- Museum hours: Tues-Sun, 10am-4pm.
An American Place: The Art Colony at Old Lyme
During the first two decades of the 20th century, the village of Old Lyme, Connecticut was the setting for one of the largest and most significant art colonies in America.Find out more...
As part of our 2021 exhibition Social & Solitary: Reflections on Art, Isolation, and Renewal, the Museum collaborated with the New Orleans-based contemporary artist jackie sumell to install one of her “Solitary Garden” beds on our grounds.
The Solitary Garden project comes to life through correspondence between a volunteer and a currently incarcerated “gardener.” Their letters articulate to the Museum what kinds of flowers or plants are grown in the garden bed. Each Solitary Garden is a gesture of hope connecting an isolated person to the outside world through the restorative act of nurturing plants.Find out more...
The Baxter Collection: Selections from the Matthew A. Baxter Bequest
When Trustee Matthew “Andy” Baxter passed away in February 2022, his estate plans included a gift of Lyme School artworks to the Museum. The current installation of selected examples from his bequest of twenty artworks celebrates a cherished friend and supporter of the Museum, whose generosity has now enhanced the permanent collection.Find out more...
Selections from the Hartford Steam Boiler Collection
The Hartford Steam Boiler Inspection and Insurance Company’s gift of their 190-piece collection of American paintings, works on paper, and sculpture to the Florence Griswold Museum in 2001 marked a milestone in the Museum’s history. With the arrival of the HSB gift, the scope of the Museum’s collection instantly broadened, both geographically and chronologically, to include artists working in every corner of Connecticut from the 18th- to the mid-20th century. We celebrate these works with a rotating selection from the collection.Find out more...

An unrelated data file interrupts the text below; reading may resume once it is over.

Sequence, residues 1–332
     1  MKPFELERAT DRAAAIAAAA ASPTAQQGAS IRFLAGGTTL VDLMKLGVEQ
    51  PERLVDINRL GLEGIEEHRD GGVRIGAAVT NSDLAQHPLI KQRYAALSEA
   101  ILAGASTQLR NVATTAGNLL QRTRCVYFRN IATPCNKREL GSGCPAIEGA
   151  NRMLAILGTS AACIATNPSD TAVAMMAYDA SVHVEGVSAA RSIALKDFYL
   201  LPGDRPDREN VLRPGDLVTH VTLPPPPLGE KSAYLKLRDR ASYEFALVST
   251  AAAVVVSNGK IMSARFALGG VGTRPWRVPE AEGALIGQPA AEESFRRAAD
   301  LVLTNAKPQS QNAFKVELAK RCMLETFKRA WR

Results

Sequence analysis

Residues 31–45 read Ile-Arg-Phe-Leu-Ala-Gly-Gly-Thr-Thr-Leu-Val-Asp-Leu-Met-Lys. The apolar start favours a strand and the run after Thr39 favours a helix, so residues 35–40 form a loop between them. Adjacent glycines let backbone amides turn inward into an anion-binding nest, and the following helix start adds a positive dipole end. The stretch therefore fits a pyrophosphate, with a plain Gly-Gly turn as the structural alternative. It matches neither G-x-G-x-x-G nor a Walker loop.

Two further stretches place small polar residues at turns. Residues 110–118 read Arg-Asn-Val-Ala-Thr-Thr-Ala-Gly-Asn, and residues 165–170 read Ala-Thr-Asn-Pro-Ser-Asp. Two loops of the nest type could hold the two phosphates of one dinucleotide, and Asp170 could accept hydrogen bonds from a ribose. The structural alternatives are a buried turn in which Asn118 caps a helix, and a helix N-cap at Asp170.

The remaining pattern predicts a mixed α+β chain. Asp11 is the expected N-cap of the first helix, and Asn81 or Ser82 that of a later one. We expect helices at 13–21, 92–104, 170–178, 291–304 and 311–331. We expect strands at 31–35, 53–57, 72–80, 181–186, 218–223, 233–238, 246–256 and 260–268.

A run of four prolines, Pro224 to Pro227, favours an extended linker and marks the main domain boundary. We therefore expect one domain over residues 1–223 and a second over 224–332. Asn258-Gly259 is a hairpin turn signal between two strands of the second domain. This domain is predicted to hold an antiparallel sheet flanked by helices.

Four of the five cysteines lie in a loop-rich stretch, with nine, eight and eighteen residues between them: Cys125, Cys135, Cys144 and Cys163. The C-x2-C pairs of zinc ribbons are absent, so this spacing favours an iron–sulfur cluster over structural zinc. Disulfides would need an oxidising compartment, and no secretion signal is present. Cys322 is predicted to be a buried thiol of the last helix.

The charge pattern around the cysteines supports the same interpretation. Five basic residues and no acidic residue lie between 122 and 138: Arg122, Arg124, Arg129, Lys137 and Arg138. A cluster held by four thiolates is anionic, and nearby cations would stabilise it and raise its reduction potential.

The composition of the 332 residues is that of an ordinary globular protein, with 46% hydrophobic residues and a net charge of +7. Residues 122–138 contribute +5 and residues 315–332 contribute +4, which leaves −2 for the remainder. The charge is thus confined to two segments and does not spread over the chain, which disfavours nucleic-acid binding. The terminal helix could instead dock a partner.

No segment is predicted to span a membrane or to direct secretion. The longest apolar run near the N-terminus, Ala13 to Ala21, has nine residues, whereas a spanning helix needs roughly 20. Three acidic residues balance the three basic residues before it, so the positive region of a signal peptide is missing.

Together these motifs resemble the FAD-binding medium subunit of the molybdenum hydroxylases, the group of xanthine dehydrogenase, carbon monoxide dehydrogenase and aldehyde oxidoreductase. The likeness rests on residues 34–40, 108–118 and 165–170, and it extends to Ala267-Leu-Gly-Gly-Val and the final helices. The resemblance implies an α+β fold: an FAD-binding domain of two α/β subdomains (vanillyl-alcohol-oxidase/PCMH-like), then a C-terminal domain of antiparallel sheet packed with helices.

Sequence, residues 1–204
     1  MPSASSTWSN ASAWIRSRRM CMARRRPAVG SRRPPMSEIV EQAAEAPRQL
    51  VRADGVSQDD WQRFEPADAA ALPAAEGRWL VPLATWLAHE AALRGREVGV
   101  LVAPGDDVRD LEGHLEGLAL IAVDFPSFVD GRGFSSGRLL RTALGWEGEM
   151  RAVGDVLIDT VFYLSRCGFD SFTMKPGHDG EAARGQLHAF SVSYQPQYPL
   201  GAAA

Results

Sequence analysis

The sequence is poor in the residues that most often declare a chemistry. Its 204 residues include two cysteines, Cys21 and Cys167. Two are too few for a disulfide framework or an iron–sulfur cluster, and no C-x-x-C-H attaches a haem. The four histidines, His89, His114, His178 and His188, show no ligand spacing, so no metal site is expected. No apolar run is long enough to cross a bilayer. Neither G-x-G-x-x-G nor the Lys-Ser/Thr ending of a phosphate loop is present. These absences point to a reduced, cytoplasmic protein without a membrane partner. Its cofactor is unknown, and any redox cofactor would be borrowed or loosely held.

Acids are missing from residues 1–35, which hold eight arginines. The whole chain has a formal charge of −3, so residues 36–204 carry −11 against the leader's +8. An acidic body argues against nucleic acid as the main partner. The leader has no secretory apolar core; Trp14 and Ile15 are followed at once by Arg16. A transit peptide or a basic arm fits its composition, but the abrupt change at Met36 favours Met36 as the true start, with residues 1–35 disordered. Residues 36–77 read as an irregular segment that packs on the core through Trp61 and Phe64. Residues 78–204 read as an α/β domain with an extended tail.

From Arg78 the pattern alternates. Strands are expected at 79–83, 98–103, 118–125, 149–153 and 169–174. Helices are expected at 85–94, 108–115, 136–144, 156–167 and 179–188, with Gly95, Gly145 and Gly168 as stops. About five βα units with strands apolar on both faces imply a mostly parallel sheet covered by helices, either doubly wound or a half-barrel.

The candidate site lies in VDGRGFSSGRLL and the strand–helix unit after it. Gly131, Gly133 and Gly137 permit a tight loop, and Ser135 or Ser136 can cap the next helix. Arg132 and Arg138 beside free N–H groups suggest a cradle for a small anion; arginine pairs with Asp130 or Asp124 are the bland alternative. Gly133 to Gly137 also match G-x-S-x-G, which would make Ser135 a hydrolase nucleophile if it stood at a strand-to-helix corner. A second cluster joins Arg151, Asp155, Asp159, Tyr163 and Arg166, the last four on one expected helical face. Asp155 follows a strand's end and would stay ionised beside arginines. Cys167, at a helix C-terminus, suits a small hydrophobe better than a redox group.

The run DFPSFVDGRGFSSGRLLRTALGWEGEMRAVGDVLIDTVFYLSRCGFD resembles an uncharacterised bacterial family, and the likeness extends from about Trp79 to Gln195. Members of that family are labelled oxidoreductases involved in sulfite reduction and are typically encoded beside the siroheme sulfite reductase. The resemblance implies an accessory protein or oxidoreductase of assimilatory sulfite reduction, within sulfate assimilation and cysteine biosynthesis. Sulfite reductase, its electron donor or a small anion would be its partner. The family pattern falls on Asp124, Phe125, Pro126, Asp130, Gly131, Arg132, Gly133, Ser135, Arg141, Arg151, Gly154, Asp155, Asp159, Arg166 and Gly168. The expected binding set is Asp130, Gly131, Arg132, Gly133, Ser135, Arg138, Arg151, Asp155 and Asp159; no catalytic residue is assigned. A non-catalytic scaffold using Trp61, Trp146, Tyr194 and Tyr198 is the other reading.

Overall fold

FEBRUARY 20–MAY 19, 2024
Fun & Games? Leo Jensen's Pop Art
Pop artist Leo Jensen (1926–2019) turned a winking eye on America, producing an irreverent art that is nevertheless serious in its cultural observations. Known best regionally for his bronze frog sculptures on the Thread City Crossing bridge in Willimantic, Jensen infused his work with humor as well as thought-provoking reflections on modern American society.
Organized in collaboration with Jensen’s widow, artist Dalia Ramanauskas, and with Lyman Allyn Art Museum, which will present its own companion exhibition on Jensen at the same time, Fun & Games will be the first in decades to consider Jensen’s playful yet probing art in depth.
Image: Leo Jensen (1926–2019), Baseball Machine, 1963. Painted wood, mixed media kinetic sculpture, 90 x 76 x 23 in. Courtesy of the Artist’s Estate.Find out more...
opens FEBRUARY 20, 2024
From Art Colony to Connecticut Collection: Highlights from the Florence Griswold Museum
To increase access to the Museum’s wonderful artworks, the Niblack Gallery in our Robert and Nancy Krieble Gallery will be dedicated to a long-term installation of selections from the permanent collection. From Art Colony to Connecticut Collection presents highlights in three thematic clusters.